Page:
Lindenow South wool grower Shaun Beasley, Emu Park, fears the deadly coronavirus could weaken trade to China and have devastating effects on Australia's wool export market.
On average, Mr Beasley exports about 80 per cent of his Gippsland-grown wool to China each year.
He urged the federal government to maintain its trade links with China, particularly for the prosperity of drought-stricken farmers who were entering their fourth and fifth years of drought.
"The only thing farmers can do is make sure that our federal minister for trade Simon Birmingham keeps the channels open to the Chinese authorities to make sure we maintain access to the market," Mr Beasley, who runs one of a handful of self-replacing Merino flocks in the region, said.
"The Chinese have been buying wool for us for a longtime; they buy wool and wheat, and they're our major trading partner so you would think we'd have a fairly strong relationship and be able to keep those channels open."
But Mr Beasley, a wool grower of 40 years, said it was too early to gauge the effects of coronavirus and the toll it could take on the Australian wool market.
"A lot people are wondering how this compared to the SARS virus in 2003 but it's difficult to tell because we had quite good wool prices then and they dropped off that year and whether that was from SARS, it's quite hard to tell," Mr Beasley said.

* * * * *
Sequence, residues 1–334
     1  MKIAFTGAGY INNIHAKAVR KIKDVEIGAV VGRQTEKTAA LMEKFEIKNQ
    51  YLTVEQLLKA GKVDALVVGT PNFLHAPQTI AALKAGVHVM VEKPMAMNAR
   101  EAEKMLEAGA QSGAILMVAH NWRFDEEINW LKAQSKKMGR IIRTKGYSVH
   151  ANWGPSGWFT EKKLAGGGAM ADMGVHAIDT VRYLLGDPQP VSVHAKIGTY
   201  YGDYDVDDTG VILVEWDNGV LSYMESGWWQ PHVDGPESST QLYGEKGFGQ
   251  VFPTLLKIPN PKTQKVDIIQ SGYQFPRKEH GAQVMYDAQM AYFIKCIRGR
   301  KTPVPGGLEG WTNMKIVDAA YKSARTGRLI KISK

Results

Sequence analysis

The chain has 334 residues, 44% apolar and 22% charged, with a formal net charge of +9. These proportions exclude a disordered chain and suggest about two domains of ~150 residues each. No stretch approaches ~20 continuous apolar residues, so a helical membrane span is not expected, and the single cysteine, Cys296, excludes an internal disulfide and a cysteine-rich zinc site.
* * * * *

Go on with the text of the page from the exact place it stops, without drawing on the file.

"I sold wool in the first week of January and the market lifted 80 or 90 cents so up to $1 a kilogram and then dropped back 40-60 cents and its picked up and dropped back again.
"The pass-in rate last week 30-40 per cent so producers are holding wool back ... but my view is often you're better to sell it for market price and get on with it. "
Should mutton prices continue to rise and price of wool do the opposite, Mr Beasley said he would make slight adjustments to his operation by selling wethers a year or two earlier and increasing his ewe flock.
"The old rule of thumb is once the carcase value of the sheep, i.e wethers, are worth more than the wool clip you'd sell them," Mr Beasley said.
"So years ago we used to sell wethers for $20 and we used to get $30-$40 a year off them but now with mutton at 600 cents any wether is going to make $120-$130 and you might get $60 of wool so the mutton value is worth twice the amount of wool."